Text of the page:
The birds were ravished. Two tiny seven-pounders did not last long in this crowd of voracious turkey hunters, but luckily we had eleventy-hundred side dishes to induce a tryptophan coma. There were Polish pies and sage stuffing, Mexican mashed-potatoes, Arkansawer cranberry dressing and biscuits, olives and asparagus, Brussel sprouts Floridian, mashed yams with 'mallows, Greek salad made by a Greek man, and Canadians-who-stole-Thanksgiving gravy. It was an epic feast shared by friends from a small world.
The day started at 2pm. Which is mere blasphemy considering years past. I was a cool, calm and collected cook who damn well knew what she was doing with a turkey and could make pumpkin pie in her sleep. I prepared pie crusts ahead of time and had six loaves of bread ready to be converted into stuffing. But mostly, over these past years of hosting, I have learned the value of putting my trust in others. To bring what they will. To bring their own taste. Even if that means the potatoes arrive half and hour late. As do all things Mexican.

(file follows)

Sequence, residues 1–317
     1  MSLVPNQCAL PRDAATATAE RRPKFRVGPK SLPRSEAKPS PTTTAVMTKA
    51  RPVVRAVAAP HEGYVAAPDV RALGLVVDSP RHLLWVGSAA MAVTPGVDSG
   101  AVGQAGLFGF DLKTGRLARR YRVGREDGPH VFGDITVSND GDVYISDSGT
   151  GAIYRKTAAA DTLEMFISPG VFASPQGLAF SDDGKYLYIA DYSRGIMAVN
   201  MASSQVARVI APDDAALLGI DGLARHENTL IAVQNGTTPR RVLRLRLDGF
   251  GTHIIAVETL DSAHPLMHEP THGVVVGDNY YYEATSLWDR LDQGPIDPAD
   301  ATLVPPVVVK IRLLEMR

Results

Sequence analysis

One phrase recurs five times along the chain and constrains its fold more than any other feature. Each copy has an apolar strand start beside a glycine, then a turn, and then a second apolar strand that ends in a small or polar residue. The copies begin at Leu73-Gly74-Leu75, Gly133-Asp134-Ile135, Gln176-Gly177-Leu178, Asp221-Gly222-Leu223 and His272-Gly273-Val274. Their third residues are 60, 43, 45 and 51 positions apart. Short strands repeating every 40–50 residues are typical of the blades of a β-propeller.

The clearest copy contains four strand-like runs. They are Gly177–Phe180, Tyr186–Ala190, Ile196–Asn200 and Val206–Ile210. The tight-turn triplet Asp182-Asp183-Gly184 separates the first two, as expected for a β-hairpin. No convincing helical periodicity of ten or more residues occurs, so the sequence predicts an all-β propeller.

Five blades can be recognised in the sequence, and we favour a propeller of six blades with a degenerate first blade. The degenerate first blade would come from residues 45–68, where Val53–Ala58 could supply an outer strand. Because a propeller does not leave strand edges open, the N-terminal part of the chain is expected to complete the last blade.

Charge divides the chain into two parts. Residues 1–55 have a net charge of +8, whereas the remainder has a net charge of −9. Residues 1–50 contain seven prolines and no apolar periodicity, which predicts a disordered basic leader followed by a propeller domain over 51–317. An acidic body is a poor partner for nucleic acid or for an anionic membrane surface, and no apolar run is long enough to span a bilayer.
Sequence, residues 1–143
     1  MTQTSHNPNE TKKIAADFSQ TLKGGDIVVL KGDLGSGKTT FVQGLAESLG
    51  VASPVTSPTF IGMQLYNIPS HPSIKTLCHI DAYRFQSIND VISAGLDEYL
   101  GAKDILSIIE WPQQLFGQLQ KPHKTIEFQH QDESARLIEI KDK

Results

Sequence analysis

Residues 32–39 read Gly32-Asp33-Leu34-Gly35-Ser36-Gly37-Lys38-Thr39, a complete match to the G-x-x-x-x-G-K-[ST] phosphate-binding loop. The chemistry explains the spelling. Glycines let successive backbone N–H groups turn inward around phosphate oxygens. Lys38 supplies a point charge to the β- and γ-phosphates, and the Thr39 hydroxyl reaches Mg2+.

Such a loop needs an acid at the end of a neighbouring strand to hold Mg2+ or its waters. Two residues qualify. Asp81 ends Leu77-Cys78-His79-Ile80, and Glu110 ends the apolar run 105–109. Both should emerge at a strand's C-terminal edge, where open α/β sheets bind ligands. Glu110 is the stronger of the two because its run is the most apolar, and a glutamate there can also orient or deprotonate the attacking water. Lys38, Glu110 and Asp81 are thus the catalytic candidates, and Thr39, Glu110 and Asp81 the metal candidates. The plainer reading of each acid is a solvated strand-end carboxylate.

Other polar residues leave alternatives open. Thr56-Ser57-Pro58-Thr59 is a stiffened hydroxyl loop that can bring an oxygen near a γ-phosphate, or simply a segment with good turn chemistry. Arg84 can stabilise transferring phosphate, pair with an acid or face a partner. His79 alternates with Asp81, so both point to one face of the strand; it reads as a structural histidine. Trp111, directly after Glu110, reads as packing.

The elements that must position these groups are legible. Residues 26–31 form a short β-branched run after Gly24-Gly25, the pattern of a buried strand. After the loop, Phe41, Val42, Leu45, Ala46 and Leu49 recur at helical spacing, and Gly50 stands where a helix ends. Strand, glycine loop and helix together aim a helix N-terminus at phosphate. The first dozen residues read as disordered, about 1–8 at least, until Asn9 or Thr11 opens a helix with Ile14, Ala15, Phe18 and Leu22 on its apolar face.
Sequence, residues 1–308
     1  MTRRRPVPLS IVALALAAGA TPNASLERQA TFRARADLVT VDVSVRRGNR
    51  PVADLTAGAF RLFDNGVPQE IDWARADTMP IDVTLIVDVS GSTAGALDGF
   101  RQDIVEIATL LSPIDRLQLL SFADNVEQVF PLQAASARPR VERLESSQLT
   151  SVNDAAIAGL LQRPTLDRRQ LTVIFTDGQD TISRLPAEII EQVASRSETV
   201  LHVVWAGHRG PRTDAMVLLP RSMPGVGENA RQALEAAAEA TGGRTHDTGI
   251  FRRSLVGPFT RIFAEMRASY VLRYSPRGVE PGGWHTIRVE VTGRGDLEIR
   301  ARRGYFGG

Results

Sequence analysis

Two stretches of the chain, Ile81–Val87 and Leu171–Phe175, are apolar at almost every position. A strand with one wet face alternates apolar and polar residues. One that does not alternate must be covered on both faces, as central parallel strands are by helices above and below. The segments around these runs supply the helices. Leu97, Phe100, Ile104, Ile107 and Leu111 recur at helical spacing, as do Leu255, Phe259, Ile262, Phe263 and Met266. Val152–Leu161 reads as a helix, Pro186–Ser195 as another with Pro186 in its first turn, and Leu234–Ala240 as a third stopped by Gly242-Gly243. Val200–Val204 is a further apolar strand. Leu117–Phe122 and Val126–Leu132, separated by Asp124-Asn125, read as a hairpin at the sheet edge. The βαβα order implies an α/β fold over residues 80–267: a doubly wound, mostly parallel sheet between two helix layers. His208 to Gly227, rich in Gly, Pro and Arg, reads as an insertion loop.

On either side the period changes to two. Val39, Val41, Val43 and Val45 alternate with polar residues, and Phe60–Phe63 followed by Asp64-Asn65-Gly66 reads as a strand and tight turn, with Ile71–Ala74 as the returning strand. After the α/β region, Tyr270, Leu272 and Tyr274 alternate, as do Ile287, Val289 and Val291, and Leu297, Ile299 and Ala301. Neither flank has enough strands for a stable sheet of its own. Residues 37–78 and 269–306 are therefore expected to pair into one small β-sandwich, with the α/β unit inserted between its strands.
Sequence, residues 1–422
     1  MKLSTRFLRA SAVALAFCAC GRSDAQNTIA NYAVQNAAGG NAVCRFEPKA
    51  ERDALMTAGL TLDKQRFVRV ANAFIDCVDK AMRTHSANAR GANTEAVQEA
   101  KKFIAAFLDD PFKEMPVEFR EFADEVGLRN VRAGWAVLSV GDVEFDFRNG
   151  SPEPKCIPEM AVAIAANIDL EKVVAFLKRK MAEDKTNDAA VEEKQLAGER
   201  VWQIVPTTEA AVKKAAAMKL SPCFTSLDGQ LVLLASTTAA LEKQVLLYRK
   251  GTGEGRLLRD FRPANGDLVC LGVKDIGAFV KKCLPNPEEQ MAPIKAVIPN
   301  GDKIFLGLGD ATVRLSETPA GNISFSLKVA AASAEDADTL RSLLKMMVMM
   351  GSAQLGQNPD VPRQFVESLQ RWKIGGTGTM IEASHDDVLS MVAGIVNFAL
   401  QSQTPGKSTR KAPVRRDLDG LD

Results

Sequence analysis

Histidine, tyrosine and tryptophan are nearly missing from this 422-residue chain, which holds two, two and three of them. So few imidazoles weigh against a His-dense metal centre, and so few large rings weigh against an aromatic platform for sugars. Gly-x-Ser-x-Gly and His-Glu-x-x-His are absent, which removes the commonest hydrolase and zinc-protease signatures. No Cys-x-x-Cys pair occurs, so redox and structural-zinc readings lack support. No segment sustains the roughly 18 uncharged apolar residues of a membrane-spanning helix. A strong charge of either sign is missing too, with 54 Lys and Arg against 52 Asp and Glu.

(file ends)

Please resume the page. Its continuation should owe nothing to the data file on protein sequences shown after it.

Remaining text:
When the bellies were full and no one could move, we sat and we talked. The same people who see each other six times a day, at work, at the store, at the movies, at lunch. In our small funny town we're actually quite quaint no matter if we come from all sides of the planet. When the Norwegian professor gets up to sing us a song, and the Chinese man smiles along with the Swiss, the Greek gives a smirk, and the Latina does something silly, we all are just one big family feasting together.